ZFIN ID: ZDB-PUB-180315-3
Motor axon navigation relies on Fidgetin-like 1-driven microtubule plus end dynamics
Fassier, C., Fréal, A., Gasmi, L., Delphin, C., Ten Martin, D., De Gois, S., Tambalo, M., Bosc, C., Mailly, P., Revenu, C., Peris, L., Bolte, S., Schneider-Maunoury, S., Houart, C., Nothias, F., Larcher, J.C., Andrieux, A., Hazan, J.
Date: 2018
Source: The Journal of cell biology   217(5): 1719-1738 (Journal)
Registered Authors: Hazan, Jamile, Houart, Corinne, Revenu, Celine, Schneider-Maunoury, Sylvie
Keywords: none
MeSH Terms:
  • Adenosine Triphosphatases/chemistry
  • Adenosine Triphosphatases/metabolism*
  • Animals
  • Axon Guidance*
  • Axons/metabolism*
  • Cytoskeleton/metabolism
  • Gene Knockdown Techniques
  • Growth Cones/metabolism
  • Humans
  • Larva/metabolism
  • Locomotion
  • Microtubule-Associated Proteins/metabolism
  • Microtubules/metabolism*
  • Motor Neurons/metabolism
  • Nuclear Proteins/chemistry
  • Nuclear Proteins/metabolism*
  • Polymerization
  • Protein Isoforms/metabolism
  • Spinal Cord/metabolism
PubMed: 29535193 Full text @ J. Cell Biol.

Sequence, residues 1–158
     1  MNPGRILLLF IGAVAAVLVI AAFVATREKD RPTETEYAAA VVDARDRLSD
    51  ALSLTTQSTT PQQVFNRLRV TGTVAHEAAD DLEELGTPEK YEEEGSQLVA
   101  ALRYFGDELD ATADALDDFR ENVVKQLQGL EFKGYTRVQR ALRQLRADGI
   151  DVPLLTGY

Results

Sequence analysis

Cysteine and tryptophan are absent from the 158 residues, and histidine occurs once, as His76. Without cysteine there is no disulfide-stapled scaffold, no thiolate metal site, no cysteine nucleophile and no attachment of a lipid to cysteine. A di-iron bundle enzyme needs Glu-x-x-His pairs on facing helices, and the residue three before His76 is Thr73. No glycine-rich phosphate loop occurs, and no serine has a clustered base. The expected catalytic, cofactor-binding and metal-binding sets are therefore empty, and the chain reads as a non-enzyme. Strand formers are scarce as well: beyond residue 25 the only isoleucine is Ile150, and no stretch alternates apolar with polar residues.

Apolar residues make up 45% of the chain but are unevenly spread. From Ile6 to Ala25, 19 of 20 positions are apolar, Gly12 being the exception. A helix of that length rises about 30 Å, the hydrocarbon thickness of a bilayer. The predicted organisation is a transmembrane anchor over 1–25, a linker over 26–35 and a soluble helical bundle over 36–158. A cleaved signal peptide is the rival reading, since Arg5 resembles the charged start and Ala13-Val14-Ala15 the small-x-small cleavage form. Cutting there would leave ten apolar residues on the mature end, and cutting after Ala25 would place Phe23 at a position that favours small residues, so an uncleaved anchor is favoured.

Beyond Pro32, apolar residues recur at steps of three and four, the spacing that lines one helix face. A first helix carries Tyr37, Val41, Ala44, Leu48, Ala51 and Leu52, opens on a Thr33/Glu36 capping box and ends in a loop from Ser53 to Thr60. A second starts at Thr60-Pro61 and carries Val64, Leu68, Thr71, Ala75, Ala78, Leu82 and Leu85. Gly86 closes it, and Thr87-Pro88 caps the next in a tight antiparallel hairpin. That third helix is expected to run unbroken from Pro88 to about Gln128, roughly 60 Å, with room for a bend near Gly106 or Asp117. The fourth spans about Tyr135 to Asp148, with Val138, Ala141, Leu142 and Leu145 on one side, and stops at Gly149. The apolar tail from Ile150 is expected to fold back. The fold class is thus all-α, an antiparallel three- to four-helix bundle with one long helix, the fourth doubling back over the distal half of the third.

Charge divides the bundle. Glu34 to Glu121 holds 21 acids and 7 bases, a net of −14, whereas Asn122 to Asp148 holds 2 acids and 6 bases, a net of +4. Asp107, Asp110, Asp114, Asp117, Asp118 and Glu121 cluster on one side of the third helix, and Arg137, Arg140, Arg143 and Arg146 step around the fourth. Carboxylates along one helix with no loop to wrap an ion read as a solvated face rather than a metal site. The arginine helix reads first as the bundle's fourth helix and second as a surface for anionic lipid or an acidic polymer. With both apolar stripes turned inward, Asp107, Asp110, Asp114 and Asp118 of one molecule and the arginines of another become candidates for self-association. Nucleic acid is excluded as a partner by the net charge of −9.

During neural circuit assembly, extrinsic signals are integrated into changes in growth cone (GC) cytoskeleton underlying axon guidance decisions. Microtubules (MTs) were shown to play an instructive role in GC steering. However, the numerous actors required for MT remodeling during axon navigation and their precise mode of action are far from being deciphered. Using loss- and gain-of-function analyses during zebrafish development, we identify in this study the meiotic clade adenosine triphosphatase Fidgetin-like 1 (Fignl1) as a key GC-enriched MT-interacting protein in motor circuit wiring and larval locomotion. We show that Fignl1 controls GC morphology and behavior at intermediate targets by regulating MT plus end dynamics and growth directionality. We further reveal that alternative translation of Fignl1 transcript is a sophisticated mechanism modulating MT dynamics: a full-length isoform regulates MT plus end-tracking protein binding at plus ends, whereas shorter isoforms promote their depolymerization beneath the cell cortex. Our study thus pinpoints Fignl1 as a multifaceted key player in MT remodeling underlying motor circuit connectivity.